Diagnosing Your Snoring
Diagnosing snoring has two purposes. Find out if you are snoring, and maybe more importantly; why you are snoring. Please note that many doctors often are inaccurate when diagnosing snoring since they are not specialized in sleep disorders. The following procedure is based on interviews with acknowledged sleep disorder specialists.
How do I know if I Snore?
If you have a partner that complains about you snoring, this is not a problem.
But if you live alone, it can be slightly harder. A method you can try is to use some sort of recording device, and record the sound of your sleep. For instance, you can use a Dictaphone or a computer running some kind of sound recording software.
The hitch about this method is that you have to listen through the recording afterwards. And you might listen through it all and find that you didn’t snore, but still have a snoring problem. However, if you at any point can hear yourself on the recording snoring, then you know that you’re snoring.
A better approach might be to check if you have certain characteristics of a typical snorer. We will go through all of these very soon in the test below.
It is very important that you go through the whole test and write down all the results. You will need these when you are looking for the best solution to stop your snoring. You will need a pen, something to write on and a measuring tape.
Please note that for some points in the test you will probably need to ask your doctor for assistance. You will get more information about this later. You may skip those steps for now if you wish.
The Big Snoring Diagnostics Test
Who suffers most because of the snoring? Is it you or your partner? If the answer is your partner, then you most likely suffer from simple snoring.
How much does your snoring affect your life and relationships? If snoring doesn’t affect your life and relationships much, then you are either suffering from a mild form of snoring, or you might not be aware how serious your snoring is. It is important to spend a few minutes reflecting over this question, since most snorers have rarely done so.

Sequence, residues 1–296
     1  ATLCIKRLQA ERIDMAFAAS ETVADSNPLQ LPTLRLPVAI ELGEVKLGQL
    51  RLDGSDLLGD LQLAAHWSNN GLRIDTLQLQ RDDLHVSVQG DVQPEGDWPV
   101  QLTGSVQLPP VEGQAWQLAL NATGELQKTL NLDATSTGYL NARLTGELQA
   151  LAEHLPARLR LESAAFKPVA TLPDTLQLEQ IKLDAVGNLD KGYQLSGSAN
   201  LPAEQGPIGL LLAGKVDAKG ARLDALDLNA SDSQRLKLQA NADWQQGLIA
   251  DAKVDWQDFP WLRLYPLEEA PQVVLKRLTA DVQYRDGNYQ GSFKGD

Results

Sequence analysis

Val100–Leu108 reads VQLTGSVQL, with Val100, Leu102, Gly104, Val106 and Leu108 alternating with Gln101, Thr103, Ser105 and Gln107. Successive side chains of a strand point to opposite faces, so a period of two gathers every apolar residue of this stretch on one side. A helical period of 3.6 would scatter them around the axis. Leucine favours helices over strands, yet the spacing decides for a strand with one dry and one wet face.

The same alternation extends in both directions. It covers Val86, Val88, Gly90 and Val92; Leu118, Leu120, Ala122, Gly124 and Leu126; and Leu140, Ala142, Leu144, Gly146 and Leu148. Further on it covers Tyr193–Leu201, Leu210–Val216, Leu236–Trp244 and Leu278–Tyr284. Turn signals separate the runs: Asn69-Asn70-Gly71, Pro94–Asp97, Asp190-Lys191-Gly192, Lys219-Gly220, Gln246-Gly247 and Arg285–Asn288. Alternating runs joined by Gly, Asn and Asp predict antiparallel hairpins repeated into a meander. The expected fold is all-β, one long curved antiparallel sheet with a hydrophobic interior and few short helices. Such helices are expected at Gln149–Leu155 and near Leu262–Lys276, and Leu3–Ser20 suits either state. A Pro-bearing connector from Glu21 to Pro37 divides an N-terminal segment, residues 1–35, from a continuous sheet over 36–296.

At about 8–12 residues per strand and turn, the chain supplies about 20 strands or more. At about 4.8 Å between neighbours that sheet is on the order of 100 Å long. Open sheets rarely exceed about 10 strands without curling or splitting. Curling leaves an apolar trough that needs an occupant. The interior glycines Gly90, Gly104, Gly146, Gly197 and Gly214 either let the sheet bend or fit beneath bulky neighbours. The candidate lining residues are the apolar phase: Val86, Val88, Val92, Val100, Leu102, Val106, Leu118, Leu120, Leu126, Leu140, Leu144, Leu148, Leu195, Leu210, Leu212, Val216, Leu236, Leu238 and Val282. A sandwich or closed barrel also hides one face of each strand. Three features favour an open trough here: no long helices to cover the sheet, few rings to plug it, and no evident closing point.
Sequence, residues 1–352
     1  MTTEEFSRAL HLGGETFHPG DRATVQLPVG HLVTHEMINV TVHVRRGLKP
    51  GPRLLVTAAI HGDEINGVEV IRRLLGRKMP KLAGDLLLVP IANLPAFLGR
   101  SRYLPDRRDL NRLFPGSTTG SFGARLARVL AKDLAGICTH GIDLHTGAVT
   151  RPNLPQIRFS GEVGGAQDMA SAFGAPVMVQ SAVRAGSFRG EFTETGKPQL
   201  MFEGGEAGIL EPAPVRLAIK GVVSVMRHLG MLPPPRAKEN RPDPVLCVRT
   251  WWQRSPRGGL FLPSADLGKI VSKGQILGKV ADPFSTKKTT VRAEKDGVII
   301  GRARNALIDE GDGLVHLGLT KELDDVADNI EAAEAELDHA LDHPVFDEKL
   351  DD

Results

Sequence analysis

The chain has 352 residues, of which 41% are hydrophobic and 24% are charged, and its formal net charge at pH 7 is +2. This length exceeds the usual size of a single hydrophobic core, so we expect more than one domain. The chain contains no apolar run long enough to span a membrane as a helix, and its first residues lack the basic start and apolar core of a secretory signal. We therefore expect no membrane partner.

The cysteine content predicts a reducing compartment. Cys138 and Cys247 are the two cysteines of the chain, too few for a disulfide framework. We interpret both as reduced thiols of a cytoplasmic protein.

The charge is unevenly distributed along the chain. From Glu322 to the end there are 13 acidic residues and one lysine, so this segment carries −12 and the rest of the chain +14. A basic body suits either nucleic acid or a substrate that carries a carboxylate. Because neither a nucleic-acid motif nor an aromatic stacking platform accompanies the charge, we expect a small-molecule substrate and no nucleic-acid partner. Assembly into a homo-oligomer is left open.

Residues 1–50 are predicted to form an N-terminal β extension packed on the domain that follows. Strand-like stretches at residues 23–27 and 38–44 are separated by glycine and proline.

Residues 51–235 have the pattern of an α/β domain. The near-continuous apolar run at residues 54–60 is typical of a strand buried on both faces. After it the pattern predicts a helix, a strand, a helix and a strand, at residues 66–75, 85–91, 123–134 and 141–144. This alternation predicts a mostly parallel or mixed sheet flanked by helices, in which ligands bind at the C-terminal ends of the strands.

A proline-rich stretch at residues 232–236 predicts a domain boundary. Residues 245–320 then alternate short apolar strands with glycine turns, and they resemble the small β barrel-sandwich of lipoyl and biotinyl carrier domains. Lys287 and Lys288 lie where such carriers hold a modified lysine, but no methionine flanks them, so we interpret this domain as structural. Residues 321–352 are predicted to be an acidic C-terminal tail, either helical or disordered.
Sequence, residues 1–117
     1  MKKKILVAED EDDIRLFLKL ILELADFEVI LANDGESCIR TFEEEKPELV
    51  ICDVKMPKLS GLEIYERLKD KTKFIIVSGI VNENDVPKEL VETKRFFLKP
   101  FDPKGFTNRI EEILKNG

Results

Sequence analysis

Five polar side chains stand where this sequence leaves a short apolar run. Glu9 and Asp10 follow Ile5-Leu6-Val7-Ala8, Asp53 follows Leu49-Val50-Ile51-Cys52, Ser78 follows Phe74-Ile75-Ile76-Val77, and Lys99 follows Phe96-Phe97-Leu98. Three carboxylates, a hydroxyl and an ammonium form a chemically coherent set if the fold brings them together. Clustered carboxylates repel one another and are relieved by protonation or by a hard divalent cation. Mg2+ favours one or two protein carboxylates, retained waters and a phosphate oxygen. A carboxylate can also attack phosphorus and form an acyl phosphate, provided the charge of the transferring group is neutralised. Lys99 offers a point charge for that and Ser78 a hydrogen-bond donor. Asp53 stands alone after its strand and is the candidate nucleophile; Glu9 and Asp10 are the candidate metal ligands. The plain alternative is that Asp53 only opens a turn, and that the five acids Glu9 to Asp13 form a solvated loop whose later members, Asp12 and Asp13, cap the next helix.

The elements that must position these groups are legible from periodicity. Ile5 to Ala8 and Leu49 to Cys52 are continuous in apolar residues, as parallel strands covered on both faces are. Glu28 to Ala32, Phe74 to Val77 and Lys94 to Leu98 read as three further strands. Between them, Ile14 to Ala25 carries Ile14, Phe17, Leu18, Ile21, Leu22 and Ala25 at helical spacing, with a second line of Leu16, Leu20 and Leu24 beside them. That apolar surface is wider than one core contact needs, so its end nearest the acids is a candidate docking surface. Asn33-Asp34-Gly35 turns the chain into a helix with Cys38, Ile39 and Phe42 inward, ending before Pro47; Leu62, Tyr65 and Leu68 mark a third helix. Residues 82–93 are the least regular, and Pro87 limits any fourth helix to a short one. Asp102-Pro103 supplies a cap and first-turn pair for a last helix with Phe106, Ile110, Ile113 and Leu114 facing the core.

How long has your snoring been a problem?
Snoring might origin from something that happened a while ago. Maybe you started snoring after you started smoking? Maybe you started to notice your snoring sometime when you started to drink more frequently? Or started on a new medication? Try to note down any changes in your life when you started to notice your snoring.
Have you gained any weight lately?
Obesity and snoring has been proven to be strongly linked. Gaining weight increases both the likelihood of snoring, as well as increasing the loudness of the snoring sound. If snoring hasn’t been a problem until recently, and you have just gained weight, it is very likely that you now just found the source of your problem.
Has your collar size increased lately? Increased collar size often amplifies the snoring, just like obesity. Use a measuring tape and measure your collar size. If it’s above 17 inches (about 43 cm), it is very likely that you will have to lose weight.
How much alcohol do you drink?
Do you drink a lot? How does it affect your snoring? Alcohol increases snoring, since it makes your throat muscles relax, making the airway narrower.
Do you use sleeping pills or any other sedatives? If the answer is yes, it effects your snoring in the same way as alcohol. This DOES NOT mean that you should stop using these drugs. You should consult with your doctor and ask him if you can replace any of them. DO NOT attempt to figure this out yourself.
Have you ever had any nasal problems? Trauma, congestion, anosmia associated with nasal polyps, all of which are problems from where your snoring might originate. This is especially true if you snore with your mouth shut.
Do you suffer from obstructive sleep apnea?
OSA, or obstructive sleep apnea, is very common among snorers, and also a very serious condition. Do you feel tired after sleeping? Have you ever awakened chocking or grasping for air? Do you have excessive daytime sleepiness? Nocturia? Morning headaches? Poor concentration? OSA will be covered in great detail later.